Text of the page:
One last interesting bit about this film: in an interview for SF360, director Daniel Dávila, now based in LA but formerly a San Franciscan, says that the Tenderloin has “a pallet, rich tones, many of them earthy, all yellowed by age—a forgotten opulence that typifies the late 19th-early 20th century architecture of the neighborhood”. In case you didn’t know.

Same old Tenderloin, minus 112 birthdays

Via Bluoz (our favorite blog to find weird stuff about the neighborhood), we find this gem of a movie titled ‘The Tenderloin at Night’, produced by the Thomas Edison studios in 1899. (Note that it’s not called the “Uptown Tenderloin” as Shaw & Co. keep insisting.) As Bluoz points out, it is probably the first exploitation movie of all time, showing alcohol, prostitution, crime, police, it’s all there in barely two minutes.

The film was actually made in West orange, New jersey, but according to the Library of Congress, it depicts the Tenderloin district in San Francisco 112 years ago. Still looks exactly the same, doesn’t it?

In case it was too confusing, here’s the plot as described by YouTube poster TigerRocket (who thinks it’s New York City’s Tenderloin, but we’ll go with the Library of Congress on this one):

This bawdy crime vignette has all of the seedy charm of the ‘Tenderloin’ at night as a stranger enters a drinking house, let’s call him ”Mark.” He’s heartily greeted by the other patrons, so he pulls out a gloating wad of cash and buys the house an impressive round. He quickly finds himself and his presidential pals the center of flirtatious attention. By way of diversion the flirty gal’s man / beau / pimp, slips the guy a ‘Mickey.’ He drinks himself into a convenient stupor with each woman cleaning his pockets. One woman gives the audience a blue moment when she slips the cash in her shapely silk safe. The mark wakes up to find his gains gotten. Out numbered by the crooked locals, he finds himself ejected by the knowing proprietor and a conveniently available cop, leaving the house full of ‘low lives’ to celebrate their ill gotten gains. The babes burst into a brief can-can. More leg show! The victim returns with the law but the film ends as abruptly as the marks good time.

The Tender Tonight: Koi fishes and animated shorts

Don’t forget to check out our Tender Calendar for more cool events this week

  • Remember the koi fishes that popped up all over the sidewalks of the neighborhood back in November? We were all really excited, and in spite of the layer of grime that tends to cover our sidewalks, many of them are still enjoyable to look at and often make our day. Well, tonight at farm:table you’ll be able to meet the artist responsible for filling up our lives with black, orange and white fishes. Yes, as part of their bi-monthly One Night Shows (now called f:art, please let the jokes begin), Jeremy Novy himself will tell you all the secrets about the koi, painting in the Tenderloin and maybe even share a beer with you. farm:table, 754 Post (at Leavenworth). 7-9pm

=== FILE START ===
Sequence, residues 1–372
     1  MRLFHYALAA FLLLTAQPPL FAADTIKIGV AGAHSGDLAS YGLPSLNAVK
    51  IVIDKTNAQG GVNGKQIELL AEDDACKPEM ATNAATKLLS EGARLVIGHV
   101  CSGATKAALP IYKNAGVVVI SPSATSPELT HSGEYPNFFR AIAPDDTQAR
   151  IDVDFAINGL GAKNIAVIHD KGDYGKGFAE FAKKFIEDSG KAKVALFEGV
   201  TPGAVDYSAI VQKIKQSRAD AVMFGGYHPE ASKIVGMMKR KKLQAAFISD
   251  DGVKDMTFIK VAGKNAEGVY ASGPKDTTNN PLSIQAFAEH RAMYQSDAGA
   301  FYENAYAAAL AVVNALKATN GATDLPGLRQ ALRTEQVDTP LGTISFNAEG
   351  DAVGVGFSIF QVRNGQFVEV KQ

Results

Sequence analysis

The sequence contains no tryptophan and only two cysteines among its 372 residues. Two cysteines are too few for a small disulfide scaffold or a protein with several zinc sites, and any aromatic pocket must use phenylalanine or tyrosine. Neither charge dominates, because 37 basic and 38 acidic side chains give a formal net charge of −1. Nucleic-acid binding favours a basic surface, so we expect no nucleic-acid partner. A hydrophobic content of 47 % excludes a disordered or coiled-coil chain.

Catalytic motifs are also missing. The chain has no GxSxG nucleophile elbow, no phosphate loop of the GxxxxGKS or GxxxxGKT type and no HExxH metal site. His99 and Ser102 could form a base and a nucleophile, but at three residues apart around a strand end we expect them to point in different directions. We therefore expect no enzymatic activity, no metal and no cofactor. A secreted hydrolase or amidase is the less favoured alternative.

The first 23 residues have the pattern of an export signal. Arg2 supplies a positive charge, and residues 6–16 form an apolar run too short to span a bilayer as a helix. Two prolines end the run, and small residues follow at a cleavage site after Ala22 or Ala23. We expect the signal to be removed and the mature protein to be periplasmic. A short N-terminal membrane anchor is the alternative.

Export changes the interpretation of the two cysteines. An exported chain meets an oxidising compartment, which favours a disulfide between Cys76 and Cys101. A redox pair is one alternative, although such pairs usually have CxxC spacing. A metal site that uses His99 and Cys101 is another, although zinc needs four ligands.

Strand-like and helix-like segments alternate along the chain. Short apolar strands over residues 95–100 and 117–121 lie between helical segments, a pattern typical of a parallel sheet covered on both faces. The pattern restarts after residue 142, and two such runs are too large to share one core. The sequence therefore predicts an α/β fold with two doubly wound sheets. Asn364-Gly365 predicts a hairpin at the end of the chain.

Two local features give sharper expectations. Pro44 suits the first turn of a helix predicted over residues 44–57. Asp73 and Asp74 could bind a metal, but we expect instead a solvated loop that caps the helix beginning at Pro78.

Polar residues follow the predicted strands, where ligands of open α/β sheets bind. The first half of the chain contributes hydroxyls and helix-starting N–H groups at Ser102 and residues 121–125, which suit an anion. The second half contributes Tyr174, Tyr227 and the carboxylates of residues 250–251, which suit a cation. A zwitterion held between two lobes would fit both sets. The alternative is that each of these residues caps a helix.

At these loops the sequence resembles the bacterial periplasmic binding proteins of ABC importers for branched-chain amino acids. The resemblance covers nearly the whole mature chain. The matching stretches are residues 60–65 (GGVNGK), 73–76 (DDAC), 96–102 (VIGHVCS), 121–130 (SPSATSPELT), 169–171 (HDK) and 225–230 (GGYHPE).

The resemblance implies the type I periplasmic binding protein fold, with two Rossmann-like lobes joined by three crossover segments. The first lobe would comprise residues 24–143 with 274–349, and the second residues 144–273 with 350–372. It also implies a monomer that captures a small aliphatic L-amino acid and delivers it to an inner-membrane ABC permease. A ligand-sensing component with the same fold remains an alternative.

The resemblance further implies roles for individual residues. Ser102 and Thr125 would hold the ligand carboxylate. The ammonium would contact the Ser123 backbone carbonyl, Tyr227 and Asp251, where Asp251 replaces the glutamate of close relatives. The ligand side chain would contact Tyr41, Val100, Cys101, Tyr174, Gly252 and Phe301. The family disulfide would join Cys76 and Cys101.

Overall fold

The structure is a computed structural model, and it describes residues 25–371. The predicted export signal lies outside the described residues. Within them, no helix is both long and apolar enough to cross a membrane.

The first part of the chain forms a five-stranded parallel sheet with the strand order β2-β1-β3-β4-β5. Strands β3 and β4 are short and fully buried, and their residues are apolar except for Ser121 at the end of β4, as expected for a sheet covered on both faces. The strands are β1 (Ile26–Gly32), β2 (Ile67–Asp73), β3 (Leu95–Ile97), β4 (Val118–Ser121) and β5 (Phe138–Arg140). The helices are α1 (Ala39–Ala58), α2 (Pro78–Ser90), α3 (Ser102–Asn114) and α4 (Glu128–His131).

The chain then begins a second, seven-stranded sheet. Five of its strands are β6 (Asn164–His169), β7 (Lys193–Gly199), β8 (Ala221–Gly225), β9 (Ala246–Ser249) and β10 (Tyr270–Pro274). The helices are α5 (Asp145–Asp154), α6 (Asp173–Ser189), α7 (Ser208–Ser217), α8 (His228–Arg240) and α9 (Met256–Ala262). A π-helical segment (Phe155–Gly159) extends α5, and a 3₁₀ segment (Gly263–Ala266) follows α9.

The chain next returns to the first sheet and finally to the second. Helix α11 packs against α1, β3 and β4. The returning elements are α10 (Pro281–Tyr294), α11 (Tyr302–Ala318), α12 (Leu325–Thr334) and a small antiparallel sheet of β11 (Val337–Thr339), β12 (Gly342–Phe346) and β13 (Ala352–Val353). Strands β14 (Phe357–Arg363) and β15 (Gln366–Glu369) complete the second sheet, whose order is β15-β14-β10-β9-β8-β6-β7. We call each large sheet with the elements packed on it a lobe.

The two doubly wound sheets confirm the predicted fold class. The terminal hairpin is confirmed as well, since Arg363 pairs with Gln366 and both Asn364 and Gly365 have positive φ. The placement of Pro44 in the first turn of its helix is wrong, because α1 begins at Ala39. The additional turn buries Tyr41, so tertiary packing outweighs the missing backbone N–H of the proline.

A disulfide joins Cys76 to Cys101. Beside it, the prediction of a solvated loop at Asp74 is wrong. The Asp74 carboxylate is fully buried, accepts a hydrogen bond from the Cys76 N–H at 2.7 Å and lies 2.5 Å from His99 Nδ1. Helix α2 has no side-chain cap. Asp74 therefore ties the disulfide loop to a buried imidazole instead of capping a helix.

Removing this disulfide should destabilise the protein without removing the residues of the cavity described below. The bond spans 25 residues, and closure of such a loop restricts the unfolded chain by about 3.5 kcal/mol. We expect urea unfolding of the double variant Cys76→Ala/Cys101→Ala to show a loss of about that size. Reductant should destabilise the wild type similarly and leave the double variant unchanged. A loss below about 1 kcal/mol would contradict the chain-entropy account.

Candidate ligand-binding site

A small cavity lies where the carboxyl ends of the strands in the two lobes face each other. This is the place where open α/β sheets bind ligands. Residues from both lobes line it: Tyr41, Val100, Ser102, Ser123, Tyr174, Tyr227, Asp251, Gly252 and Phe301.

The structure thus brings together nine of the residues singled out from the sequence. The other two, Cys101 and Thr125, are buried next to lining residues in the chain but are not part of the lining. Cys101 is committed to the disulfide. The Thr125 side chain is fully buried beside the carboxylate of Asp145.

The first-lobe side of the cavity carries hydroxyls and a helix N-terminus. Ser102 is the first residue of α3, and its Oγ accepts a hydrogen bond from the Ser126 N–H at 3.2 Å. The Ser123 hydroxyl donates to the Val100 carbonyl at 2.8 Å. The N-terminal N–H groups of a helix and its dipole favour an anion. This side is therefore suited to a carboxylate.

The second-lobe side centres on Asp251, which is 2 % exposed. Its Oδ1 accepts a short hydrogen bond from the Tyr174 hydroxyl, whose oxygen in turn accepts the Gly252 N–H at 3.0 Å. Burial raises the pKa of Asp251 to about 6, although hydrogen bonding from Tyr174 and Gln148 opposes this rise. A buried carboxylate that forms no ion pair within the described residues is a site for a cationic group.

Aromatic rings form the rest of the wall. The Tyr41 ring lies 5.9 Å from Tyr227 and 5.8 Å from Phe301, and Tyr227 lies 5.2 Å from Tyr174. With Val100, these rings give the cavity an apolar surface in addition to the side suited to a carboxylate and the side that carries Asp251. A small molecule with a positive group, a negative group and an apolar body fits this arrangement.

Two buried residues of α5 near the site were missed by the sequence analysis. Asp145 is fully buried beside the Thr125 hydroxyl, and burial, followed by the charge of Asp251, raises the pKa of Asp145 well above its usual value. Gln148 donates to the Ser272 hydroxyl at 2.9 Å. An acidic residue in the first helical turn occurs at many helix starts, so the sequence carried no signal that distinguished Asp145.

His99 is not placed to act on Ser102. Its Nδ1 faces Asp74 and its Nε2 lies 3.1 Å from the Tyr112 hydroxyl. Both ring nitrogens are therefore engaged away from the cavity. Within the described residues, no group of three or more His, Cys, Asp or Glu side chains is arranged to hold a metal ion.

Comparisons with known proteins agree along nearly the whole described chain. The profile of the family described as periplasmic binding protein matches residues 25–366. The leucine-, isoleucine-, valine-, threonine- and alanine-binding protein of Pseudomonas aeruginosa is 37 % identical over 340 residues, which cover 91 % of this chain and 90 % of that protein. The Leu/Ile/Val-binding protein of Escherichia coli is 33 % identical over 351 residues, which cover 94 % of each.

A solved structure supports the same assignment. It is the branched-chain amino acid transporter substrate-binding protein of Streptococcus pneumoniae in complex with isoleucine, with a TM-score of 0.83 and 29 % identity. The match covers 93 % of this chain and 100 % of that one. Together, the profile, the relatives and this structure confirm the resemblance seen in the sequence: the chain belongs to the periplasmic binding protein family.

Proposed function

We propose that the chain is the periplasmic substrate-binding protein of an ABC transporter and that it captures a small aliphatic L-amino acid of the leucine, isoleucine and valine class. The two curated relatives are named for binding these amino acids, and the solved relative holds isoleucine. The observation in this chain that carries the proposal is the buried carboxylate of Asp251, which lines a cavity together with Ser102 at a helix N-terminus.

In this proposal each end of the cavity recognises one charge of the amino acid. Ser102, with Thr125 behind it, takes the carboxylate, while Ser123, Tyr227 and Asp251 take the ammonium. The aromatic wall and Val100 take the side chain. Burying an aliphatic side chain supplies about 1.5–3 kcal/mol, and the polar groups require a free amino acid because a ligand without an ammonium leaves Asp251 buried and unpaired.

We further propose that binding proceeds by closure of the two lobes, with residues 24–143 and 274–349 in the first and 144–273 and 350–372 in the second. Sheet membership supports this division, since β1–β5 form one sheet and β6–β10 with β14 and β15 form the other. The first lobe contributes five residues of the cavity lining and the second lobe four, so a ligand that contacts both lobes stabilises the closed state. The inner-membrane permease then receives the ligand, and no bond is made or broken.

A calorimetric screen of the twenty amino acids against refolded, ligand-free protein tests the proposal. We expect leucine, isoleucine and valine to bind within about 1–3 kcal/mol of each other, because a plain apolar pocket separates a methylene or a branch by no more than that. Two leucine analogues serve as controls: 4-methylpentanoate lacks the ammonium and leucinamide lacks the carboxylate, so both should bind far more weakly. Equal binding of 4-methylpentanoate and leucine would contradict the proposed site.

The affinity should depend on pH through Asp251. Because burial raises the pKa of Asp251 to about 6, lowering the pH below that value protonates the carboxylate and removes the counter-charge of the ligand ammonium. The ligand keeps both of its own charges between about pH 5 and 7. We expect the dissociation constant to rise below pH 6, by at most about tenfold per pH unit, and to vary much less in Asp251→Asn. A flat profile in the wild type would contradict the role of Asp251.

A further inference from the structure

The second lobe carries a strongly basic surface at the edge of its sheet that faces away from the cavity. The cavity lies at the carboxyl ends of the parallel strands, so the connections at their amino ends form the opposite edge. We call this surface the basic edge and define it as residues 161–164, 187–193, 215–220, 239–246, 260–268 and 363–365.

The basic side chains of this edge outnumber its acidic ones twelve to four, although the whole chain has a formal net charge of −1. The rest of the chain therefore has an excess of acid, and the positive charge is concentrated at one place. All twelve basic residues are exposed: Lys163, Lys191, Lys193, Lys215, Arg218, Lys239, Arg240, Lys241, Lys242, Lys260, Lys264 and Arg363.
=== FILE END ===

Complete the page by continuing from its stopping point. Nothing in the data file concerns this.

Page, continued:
• Once you’ve shown your admiration for Jeremy Novy’s fishes, head down one block to Geary. As part of the closing of Sara Christian‘s “Shy Peacocks” show, Kokoro Studio will host a screening of selected animated short films. The two hour program explores the blurring lines between film, art and animation. The program, curated by our Tender author Sun and an animator himself, will include shorts from all over the world including Italy, UK, Holland, Russia and South Korea. Some of the highlights are Michaël Dudok De Wit’s “Father and Daughter“, Joanna Quinn’s “Dreams and Desire: Family Ties“, Simone Massi’s “La Memoria Dei Cani” and Svetlana Filippova’s “Three Love Stories“. Kokoro Studio, 682 Geary (at Leavenworth). 8-10pm

LowLifes in the Tenderloin

The San Francisco Film Noir Festival is this weekend, so it only seems appropriate to write about Lowlifes, a crime mystery set in the Tenderloin that we recently discovered. Written by Simon Wood and described as a a new kind of entertainment experience that uses what they call ‘transmedia storytelling’ (don’t know if it’s post-op or pre), Lowlifes tells the story of Larry Hayes, a a drug-addicted San Francisco homicide detective with a dead informant, an ex-wife fighting for custody of their daughter and a private eye hired to find dirt on him. The story is told over a novella, video series, game and blog, which can all be found on the website.

While I’m always excited to see a story set in the Tenderloin (although Dashiell Hammett might be releasing another) and I appreciate the originality of the narrative techniques used, I can’t say I’m thrilled by the stereotypically negative way our neighborhood is portrayed. Here’s from the first episode of the video series (which you can watch below):

The Tenderloin is San Francisco’s ugly side.
Its home to an underclass living lives nobody would want to live.
[…]
There amongst the hookers and the homeless I struggled to comprehend what it must be like living on the streets. The noise, the filth, the disease – having to take each day as it comes; always moving on – always going nowhere.

Scott Hammel’s Life in a Day

After we wrote about City One Minutes last week, a collaborative art project depicting cities around the world in 24 one-minute videos (one for each hour), a friend sent me this video by photographer Scott Hammel. It’s a beautiful time lapse of a random day in his life in San Francisco in about two minutes, in which the Tenderloin is featured prominently since that’s where he lives (bonus points for those who guess the exact location of his apartment, shown a couple of times). Would your day look any similar?